Is that a bird? A plane? No, it’s Rosalie Craig, and what a soaring, magical flight hers is. Harking back to Jacobean tales of star-crossed lovers and enchanted wilderness spaces, George Macdonald’s 1864 fairy-tale has been gloriously reimagined in Marianne Elliot’s The Light Princess. Samuel Adamson’s welcome adaptation to the original story provides a nuanced interpretation of Althea’s aversion to gravity; indeed, this story is really about a girl who cannot process her grief so literally lives with her head in the clouds. Interestingly, it is this story of self-development – not the one of two lovers – that takes centre stage, and it is a story we can all relate to on a thoroughly modern level.

Perhaps the most staggering aspect of The Light Princess is the visual splendour of Craig floating through a trippy universe of sensory delight. Indeed, the dovetailing efforts of Steven Hoggett’s choreography and the ever-brilliant Rae Smith’s set design envelop the audience in their weightless world. Eschewing the rather obvious solution of Peter Pan wires, Hoggett puts Craig into the unbelievably strong hands of dark-clothed acrobats. Not only do they keep her afloat during the entire performance, they make it look utterly effortless. Indeed, Craig is nothing short of a miracle in her stunning ability to keep control of both her voice and her body whilst being kept up with three toes and a little finger.

The biggest buzz surrounding the play certainly centred on Tori Amos’s score. However, it was rather shown-up by the visual spectacular accompanying it. Having said that, despite some songs melting into a bit of a wail-y mush due to shortcomings in lyrical sophistication and musicality, there were a couple of rousing belters that afforded the play an enjoyable momentum.

Most importantly, where Amos’s score didn’t meet perhaps unfairly high expectations, the play confounded the fairy-tale rule-book by giving us a feminist fable instead. Indeed, The Light Princess offers much more than the predictable equation of boy-meets-girl. Nevertheless, the play isn’t particularly serious – don’t expect Ibsen-esque insights into the human condition – but it doesn’t try to be either; The Light Princess is fabulous family fun with a joyously camp cherry on top. If you want to spend an evening of pure, exquisite escapism, go and see the Light Princess and you’ll float away together.

Reviews by Emma Banks

Almeida Theatre


Battersea Arts Centre

The Rove

National Theatre

A Taste of Honey


The Light Princess


Blurred Lines


Since you’re here…

… we have a small favour to ask. We don't want your money to support a hack's bar bill at Abattoir, but if you have a pound or two spare, we really encourage you to support a good cause. If this review has either helped you discover a gem or avoid a turkey, consider doing some good that will really make a difference.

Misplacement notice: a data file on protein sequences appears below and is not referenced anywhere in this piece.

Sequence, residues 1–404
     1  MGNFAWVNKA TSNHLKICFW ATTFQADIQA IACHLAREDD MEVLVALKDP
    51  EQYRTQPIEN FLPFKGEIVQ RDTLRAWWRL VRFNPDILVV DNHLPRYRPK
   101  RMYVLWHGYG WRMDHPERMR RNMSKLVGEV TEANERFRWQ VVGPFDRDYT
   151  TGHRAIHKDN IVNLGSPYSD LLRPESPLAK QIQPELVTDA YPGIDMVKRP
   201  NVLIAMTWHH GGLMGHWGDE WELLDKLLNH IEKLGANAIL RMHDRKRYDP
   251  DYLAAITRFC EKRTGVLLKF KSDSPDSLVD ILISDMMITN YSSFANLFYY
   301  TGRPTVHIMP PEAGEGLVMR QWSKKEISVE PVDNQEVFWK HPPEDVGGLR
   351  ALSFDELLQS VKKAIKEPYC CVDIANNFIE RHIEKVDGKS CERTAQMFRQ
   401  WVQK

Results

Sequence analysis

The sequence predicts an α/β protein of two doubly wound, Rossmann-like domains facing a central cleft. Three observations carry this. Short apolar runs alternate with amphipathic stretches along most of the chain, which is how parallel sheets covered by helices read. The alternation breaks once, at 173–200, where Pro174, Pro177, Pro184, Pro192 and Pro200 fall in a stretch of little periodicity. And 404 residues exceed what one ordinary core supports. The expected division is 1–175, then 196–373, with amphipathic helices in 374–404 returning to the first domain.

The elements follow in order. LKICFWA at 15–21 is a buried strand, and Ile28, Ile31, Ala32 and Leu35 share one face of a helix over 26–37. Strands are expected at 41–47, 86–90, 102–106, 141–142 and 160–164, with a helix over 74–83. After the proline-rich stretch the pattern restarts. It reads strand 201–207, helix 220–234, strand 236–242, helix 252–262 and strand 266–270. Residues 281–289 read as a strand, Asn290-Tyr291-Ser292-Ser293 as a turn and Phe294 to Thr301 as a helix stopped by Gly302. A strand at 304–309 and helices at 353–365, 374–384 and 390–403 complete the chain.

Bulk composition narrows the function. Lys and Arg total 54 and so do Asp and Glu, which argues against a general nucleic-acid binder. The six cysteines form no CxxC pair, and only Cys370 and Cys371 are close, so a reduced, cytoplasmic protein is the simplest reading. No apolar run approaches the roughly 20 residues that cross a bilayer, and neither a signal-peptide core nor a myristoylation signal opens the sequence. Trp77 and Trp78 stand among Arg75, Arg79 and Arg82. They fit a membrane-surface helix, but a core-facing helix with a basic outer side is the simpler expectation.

You can donate to the charity of your choice, but if you're looking for inspiration, there are three charities we really like.

Mama Biashara
Kate Copstick’s charity, Mama Biashara, works with the poorest and most marginalised people in Kenya. They give grants to set up small, sustainable businesses that bring financial independence and security. That five quid you spend on a large glass of House White? They can save someone’s life with that. And the money for a pair of Air Jordans? Will take four women and their fifteen children away from a man who is raping them and into a new life with a moneymaking business for Mum and happiness for the kids.
Donate to Mama Biashara now

Theatre MAD
The Make A Difference Trust fights HIV & AIDS one stage at a time. Their UK and International grant-making strategy is based on five criteria that raise awareness, educate, and provide care and support for the most vulnerable in society. A host of fundraising events, including Bucket Collections, Late Night Cabarets, West End Eurovision, West End Bares and A West End Christmas continue to raise funds for projects both in the UK and Sub-Saharan Africa.
Donate to Theatre MAD now

Acting For Others
Acting for Others provides financial and emotional support to all theatre workers in times of need through the 14 member charities. During the COVID-19 crisis Acting for Others have raised over £1.7m to support theatre workers affected by the pandemic.
Donate to Acting For Others now

The Blurb

Once, in opposing kingdoms lived a princess and a prince who had lost their mothers. Althea, unable to cry, became light with grief and floated, and so was locked away. Digby became so heavy-hearted that he could never smile, and so was trained as a warrior. Then, one day, he declares war.

Althea is forced out of hiding and down to ground but, in defiance of her father, she escapes, only to encounter the solemn prince. Beside a lake the warring heirs begin a passionate and illicit affair. But for Althea to find real love, she must first confront the world’s darkness and face her own deepest fears.

Most Popular See More

The Play That Goes Wrong

From £15.00

More Info

Find Tickets

Matilda the Musical

From £24.00

More Info

Find Tickets

The Lion King

From £42.00

More Info

Find Tickets

Grease the Musical

From £21.00

More Info

Find Tickets

Back to the Future - The Musical

From £24.00

More Info

Find Tickets

The Mousetrap

From £30.00

More Info

Find Tickets